Friday, September 25, 2009

City Watershed Project: Overview

Here's a summary and history of the City of Austin Watershed Protection and Development Review's (WPDR) plans (or what I know of them) for the Willowbrook Reach.
  • In 2007, FLWR received a grant from Keep Austin Beautiful for plants and a butterfly garden. As part of this process, we learned that WPDR had plans to work on the reach.
  • WPDR had decided to deal with the erosion, flood control and water movement issues in the Reach. Another goal of their work is to deal with the exposed water and sewer pipes crossing the Reach.
  • Over the subsequent two years, WPDR contracted engineers and landscape architects to draw up plans for the Reach Project. WPDR's Mike Kelly is the overall project lead and George Walker is the project manager.
  • In September 2009, WPDR presented preliminary plans for their project at a meeting with the greater Rosewood neighborhood association. (This is because they are also planning to do similar work on a downstream section of Boggy Creek at Rosewood Park.) Members of FLWR were present at the meeting. We also learned at that time from Christina Calvery at Public Works that they will be updating the water infrastructure underneath E. 40th and Willowbrook Reach streets as well.
  • Preliminary plans call for: small realignments of the creek bed from Cherrywood Road to 381/2 Street. The creek bed will be raised. All vegetation will be cleared from the creek and replanted with native shrubs and perennials. The banks of the creek will be widened. New trees will be planted on the outskirts of the Reach near the streets. New systems will be put in place for filtering runoff from the streets. At this time, there are no immediate plans for work upstream of Cherrywood Rd or downstream from 381/2 (until you get to Rosewood Park). No other projects are in the budget.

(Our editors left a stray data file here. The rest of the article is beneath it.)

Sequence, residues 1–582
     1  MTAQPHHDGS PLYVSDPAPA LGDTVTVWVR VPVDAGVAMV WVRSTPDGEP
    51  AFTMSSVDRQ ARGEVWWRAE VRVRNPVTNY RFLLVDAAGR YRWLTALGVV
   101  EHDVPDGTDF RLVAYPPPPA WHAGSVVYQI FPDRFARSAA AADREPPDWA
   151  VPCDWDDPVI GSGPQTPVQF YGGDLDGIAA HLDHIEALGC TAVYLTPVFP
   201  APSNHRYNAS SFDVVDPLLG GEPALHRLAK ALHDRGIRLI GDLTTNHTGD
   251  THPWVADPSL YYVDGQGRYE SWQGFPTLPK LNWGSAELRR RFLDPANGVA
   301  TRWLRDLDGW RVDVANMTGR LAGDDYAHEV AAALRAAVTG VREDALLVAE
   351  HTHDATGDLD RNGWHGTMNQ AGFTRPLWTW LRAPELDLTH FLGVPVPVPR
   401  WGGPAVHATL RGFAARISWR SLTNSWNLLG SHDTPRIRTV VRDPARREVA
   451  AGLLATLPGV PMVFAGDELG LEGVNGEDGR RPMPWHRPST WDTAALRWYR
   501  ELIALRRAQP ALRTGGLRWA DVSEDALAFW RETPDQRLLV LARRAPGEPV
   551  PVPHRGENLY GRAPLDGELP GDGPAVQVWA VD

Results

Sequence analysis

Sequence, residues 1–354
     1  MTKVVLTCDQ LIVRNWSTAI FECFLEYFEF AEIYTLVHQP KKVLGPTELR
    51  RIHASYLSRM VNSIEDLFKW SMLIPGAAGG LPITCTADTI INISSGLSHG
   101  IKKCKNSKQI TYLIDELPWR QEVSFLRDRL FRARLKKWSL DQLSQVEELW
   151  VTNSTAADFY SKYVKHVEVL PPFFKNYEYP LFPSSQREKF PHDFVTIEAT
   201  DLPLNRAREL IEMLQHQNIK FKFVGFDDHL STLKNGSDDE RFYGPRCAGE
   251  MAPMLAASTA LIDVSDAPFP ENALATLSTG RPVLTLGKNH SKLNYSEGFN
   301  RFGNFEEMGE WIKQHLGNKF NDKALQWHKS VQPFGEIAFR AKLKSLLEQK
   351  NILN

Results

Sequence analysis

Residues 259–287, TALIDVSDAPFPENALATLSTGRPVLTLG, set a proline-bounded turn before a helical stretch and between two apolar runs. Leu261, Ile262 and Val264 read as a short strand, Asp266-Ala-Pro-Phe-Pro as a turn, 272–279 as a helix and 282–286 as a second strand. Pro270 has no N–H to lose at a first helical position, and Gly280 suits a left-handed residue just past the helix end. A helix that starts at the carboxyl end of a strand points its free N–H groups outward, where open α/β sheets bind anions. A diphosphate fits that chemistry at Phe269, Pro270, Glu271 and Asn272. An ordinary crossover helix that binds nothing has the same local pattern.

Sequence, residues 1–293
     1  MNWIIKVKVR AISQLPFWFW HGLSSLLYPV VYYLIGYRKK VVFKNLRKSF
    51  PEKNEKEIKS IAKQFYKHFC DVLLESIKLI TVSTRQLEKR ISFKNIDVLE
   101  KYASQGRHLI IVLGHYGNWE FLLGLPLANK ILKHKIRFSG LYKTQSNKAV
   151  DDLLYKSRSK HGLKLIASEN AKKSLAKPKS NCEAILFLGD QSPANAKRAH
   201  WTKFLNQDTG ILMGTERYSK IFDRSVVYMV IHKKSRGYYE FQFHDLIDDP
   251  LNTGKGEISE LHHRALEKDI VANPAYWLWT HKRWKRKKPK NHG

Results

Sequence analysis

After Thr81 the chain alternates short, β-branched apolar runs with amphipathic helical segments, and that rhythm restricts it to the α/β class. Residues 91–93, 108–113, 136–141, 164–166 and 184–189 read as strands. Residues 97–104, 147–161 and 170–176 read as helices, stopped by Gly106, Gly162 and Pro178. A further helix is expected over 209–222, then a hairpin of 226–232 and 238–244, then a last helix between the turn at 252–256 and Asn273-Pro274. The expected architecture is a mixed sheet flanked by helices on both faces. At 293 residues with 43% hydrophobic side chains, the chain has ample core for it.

dancingonthePath said...

Thanks for the summary. However, it may be helpful to mention that many of the large trees will be cut down as well, including several beautiful pecan trees. We are not sure that this is necessary, and are very sure that the Reach that we all know and love will disappear.

The City may plant "replacement" trees, but those trees will be skinny sticks that will take many many many years to even begin to really replace what will be cut down.

IF they even live, as there doesn't seem to be adequate maintenance and sustenance care for the project in the first 5 years.

At this point, the City has not factored in wildlife management and safety into the overall plan. The birds and turtles will be disturbed at best, harmed at worst.

In addition, the sewer project and removal of pipes is actually a separate City project that will go ahead even if the creek project does not. That is our understanding.

All in all, we are not convinced that the project as it stands in really useful, necessary or desirable.

dancingonthePath said...

We also forgot to mention that the beautiful willows that Willowbrook Reach is named after will be "removed."

Anonymous said...

From what I understand the project was not conceived for "flood-control", but rather an effort to restore what used to look like a barren open ditch to more of a natural ecosystem with flatter slopes and native vegetation. I beleive they are trying to do the right thing, but left out do-nothing or changing maintenance practices as options. This speaks to the question of why we are mowing down our creeks regulary all over town. This appears to be an outdated management style that should be discussed. A natural creek does not look like a golf course.